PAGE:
kidyounot: (Default)
Tu ne quaesieris (scire nefas) quem mihi, quem tibi
finem di dederint, Leuconoe, nec Babylonios
temptaris numeros. Ut melius quicquid erit pati!
Seu pluris hiemes seu tribuit Iuppiter ultimam,
quae nunc oppositis debilitat pumicibus mare
Tyrrhenum, sapias, vina liques, et spatio brevi
spem longam reseces. Dum loquimur, fugerit invida
aetas: carpe diem, quam minimum credula postero.

Tu non chiedere - non è lecito saperlo - quale fine
abbiano assegnato a me, a te, gli dèi, o Leuconoe,
e non tentare i calcoli babilonesi. Come è meglio sopportare tutto quello che accadrà!
Sia che Giove ti abbia assegnato ancora molti inverni, o che sia l'ultimo,
che ora su opposte scogliere fiacca
il mar Tirreno, sii saggia, filtra il vino e in un breve spazio
contieni la tua lunga speranza. Mentre parliamo è già fuggito, invidioso,
il tempo: cogli il giorno, facendo meno possibile affidamento al futuro.

Do not ask - it's not licit to know - which aim/end the gods gave to me and to you, Leuconoe, and do not try the babylonian calculi. How much better it is to endure everything that will come! Whether Jupiter assigned you many more winters, or this was the last one, and [Note: I don't really know how to translate this 'quae' into english] now the Tyrrhenian sea drowsily hits opposite sea cliffs, be wise, filter the wine and keep your big hope into a restricted space. As we speak, the envious time has already fled: seize the day, and rely on the future as less as you can.

[Horace, Odes, 1.11 - Italian translation by, I think, Gian Biagio Conte and/or Emilio Pianezzola. Crappy english translation by me.]

[I tried to keep the italian translation on the same lines of the latin text, but it wasn't really possible with english sentence constructions, so it'll be harder to figure out which word is which if you compare latin and english!]

also, i'm wondering - does any of you speak latin? i think you can only take it in college, but i'm not sure. well, if you do, i'd gladly look through some odes by horace with you :P

by the way, a short comment to the catchphrase "carpe diem". no, horace didn't mean "enjoy life, go party as if today was your last day", as many people interpret it, out of context. it is actually a warning, to face events, no matter what they are, one by one as they come to you, relying only on the present and trying to 'catch' it while it quickly runs away. so it's more of a thought on time passing by than an invite to live having fun because sooner or later you're going to die. this is also backed up by the word "invida" (envious) referred to time, as time takes away everything good you have in life, and does it quickly - also expressed by the perfect future "fugerit" (it will flee, but also, it's already gone).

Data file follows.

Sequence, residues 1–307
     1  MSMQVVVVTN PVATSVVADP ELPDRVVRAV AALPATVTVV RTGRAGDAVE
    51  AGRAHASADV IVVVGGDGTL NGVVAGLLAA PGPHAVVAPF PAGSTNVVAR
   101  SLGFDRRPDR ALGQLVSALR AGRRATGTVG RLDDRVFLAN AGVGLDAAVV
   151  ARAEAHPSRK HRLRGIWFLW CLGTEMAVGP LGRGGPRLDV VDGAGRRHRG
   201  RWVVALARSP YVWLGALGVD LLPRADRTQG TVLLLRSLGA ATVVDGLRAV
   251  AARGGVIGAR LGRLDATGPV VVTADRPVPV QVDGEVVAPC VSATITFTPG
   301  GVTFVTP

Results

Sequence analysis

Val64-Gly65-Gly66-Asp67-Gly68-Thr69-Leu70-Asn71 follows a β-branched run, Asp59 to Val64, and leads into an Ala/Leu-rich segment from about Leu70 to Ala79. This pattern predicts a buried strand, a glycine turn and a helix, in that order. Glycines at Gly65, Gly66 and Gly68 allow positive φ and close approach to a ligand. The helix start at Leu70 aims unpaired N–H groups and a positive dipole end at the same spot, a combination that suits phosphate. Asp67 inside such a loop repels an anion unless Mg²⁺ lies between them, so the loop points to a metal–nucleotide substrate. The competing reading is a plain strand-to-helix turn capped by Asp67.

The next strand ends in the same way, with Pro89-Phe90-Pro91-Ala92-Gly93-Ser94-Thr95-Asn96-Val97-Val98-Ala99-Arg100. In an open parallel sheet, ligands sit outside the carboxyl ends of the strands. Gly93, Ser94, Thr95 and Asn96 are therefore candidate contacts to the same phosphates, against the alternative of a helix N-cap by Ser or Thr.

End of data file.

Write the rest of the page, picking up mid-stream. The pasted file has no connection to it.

so, horace says, we should not focus on what's to come (by Babylonios temptaris numeri, "trying the babylonian calculi", which refers to the horoscopes written by famous babylonian astrologists.) but we should instead solve the problems that we are facing today, because it's not in our power (nefas, it's not licit - as in, allowed by the gods) to know what's in our future.

so there. i hope you enjoyed this cheap roman philosophy lesson! (it started with me wanting to show you some latin text trying to get your attention with the fact that it's the famous 'carpe diem' one, and then it ended with me practicing for tomorrow's latin literature test...!)


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April 2010

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